[erlang-questions] Similarities between web programming and functional programming

Jesper Louis Andersen <>
Sat Jun 12 22:37:17 CEST 2010


On Sat, Jun 12, 2010 at 10:19 PM, Nilanjan Raychaudhuri
<> wrote:
> Hi all,
>
> As a newbie into functional programming I am curious to know how functional programming style fits into building web applications? And how it
> compares to building web apps in Ruby or Java.
>
> Any pointer to article/literature will be helpful.

Look at the following function:

handle(Request) ->
  X = ...,
  Template = ...,
  render_response(?HTTP_OK, X, Template).

It has the specification contract
-spec handle(request()) -> response().

That is, handling incoming web requests are (sometimes pure) functions
from request() objects to response() objects. At this point, we are
essentially done. There isn't much more to it. Of course, we have only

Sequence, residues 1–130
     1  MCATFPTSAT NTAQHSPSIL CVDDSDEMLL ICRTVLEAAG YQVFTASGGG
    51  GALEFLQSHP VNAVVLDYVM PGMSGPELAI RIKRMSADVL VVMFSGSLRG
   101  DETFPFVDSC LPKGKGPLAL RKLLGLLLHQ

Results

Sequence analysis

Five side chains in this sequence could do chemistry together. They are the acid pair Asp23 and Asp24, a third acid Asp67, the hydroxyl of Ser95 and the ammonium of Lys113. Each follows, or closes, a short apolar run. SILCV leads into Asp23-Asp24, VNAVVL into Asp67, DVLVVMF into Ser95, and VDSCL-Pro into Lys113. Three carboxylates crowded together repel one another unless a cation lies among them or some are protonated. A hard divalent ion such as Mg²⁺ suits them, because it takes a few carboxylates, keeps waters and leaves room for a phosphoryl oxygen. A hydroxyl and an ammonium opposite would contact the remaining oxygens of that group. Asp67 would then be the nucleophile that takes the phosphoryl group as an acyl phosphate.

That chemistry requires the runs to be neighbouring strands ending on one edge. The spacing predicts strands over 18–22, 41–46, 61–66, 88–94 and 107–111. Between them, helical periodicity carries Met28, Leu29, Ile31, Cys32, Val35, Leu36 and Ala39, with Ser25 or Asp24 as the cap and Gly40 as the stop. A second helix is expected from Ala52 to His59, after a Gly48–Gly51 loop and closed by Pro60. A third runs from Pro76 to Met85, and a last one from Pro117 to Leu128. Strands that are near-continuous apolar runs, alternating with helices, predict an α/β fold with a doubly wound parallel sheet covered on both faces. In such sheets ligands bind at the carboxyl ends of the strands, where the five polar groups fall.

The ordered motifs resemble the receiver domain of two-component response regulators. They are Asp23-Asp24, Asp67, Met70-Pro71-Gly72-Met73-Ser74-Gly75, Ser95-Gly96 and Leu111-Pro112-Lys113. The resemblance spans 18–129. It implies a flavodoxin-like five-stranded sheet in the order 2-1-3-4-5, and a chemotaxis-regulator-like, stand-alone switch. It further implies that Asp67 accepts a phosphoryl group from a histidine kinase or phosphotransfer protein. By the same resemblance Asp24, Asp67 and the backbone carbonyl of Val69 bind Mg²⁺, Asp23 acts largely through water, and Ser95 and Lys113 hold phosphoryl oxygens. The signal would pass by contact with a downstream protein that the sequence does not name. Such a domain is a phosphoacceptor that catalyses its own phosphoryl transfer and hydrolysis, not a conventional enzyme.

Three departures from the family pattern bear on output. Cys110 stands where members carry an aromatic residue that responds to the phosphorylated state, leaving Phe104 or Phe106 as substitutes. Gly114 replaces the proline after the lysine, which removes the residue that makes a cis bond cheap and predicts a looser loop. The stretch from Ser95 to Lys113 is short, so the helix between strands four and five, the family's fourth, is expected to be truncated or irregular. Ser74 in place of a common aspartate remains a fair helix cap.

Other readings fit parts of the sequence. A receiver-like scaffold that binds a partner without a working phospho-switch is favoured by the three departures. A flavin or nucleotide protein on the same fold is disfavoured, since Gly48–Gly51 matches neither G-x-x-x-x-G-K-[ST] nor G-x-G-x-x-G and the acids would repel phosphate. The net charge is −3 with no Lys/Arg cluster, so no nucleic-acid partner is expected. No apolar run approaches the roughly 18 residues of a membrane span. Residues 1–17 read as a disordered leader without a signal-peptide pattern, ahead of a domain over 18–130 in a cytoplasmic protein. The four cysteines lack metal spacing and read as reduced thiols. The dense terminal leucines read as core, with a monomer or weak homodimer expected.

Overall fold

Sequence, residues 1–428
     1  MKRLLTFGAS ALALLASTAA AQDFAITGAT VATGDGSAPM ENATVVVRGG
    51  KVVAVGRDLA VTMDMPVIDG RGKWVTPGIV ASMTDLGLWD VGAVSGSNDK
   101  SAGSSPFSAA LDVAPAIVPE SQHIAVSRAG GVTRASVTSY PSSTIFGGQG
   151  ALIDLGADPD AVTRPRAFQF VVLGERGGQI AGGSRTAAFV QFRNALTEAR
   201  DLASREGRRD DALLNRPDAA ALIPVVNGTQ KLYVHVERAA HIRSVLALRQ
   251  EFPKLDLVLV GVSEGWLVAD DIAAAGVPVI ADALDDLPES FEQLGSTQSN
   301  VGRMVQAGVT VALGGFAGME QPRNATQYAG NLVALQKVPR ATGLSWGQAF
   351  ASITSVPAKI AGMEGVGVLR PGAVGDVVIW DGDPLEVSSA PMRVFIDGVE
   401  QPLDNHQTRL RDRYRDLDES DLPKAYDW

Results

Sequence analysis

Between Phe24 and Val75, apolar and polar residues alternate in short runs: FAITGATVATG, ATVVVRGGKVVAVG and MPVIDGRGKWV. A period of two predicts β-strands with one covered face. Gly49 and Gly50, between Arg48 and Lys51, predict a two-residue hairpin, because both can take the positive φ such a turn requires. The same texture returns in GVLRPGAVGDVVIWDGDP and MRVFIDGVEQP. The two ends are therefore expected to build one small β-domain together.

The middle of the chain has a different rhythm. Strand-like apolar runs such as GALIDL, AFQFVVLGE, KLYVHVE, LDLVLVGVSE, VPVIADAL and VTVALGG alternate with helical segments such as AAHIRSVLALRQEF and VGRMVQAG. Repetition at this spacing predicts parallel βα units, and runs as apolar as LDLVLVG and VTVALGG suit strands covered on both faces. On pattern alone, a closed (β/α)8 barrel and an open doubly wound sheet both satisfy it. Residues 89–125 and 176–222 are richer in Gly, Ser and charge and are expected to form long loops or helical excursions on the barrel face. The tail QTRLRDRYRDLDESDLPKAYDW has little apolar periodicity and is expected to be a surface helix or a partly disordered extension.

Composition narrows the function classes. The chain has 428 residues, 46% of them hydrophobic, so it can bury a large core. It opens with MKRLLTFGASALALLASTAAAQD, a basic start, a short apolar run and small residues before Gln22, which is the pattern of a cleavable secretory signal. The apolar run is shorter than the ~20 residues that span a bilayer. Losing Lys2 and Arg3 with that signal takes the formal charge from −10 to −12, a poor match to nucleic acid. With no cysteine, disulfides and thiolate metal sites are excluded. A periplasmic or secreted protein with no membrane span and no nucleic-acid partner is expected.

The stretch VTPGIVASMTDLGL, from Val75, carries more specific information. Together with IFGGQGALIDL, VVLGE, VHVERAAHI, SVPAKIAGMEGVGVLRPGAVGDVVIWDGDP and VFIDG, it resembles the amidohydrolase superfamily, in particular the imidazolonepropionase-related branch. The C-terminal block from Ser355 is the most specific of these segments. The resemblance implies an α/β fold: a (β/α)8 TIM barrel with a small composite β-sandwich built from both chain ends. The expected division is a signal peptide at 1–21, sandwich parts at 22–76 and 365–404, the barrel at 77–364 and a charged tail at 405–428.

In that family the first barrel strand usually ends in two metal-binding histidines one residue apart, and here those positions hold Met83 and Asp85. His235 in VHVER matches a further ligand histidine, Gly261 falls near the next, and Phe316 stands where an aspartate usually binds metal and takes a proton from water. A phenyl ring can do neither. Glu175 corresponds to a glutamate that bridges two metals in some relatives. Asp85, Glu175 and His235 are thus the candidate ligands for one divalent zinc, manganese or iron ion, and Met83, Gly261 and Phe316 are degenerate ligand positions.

defined a rough skeleton of how to do it, and a lot of the fleshy
details have been omitted. What makes it easy is that the web is
essentially stateless: All needed information is in the request()
object. If we store data locally, there will be some kind of token()
object (a cookie, say) in the request() object allowing us to get hold
of our server-side state. One could imagine calling another process to
get hold of this data (it is not much different from Ruby, Python or
Java calling into an SQL database for their data).

In general web-server handling is very amenable to the functional
programming paradigm. You may regard the above as being unnecessarily
low level, but it is very easy to use a couple of wrapper functions to
peel off layers of complexity so you end up with the innards of a web
framework such as Rails, Django or Pylons.

Erlang gives you an insane amount of tools to manipulate
web-applications. It seems that much of the heightened interest in
Erlang as of late is channeled towards building web-tools and webapps
in general. So not only will you have an excellent language for doing
web application development; you will also enjoy standing on the
shoulders of giants.


-- 
J.


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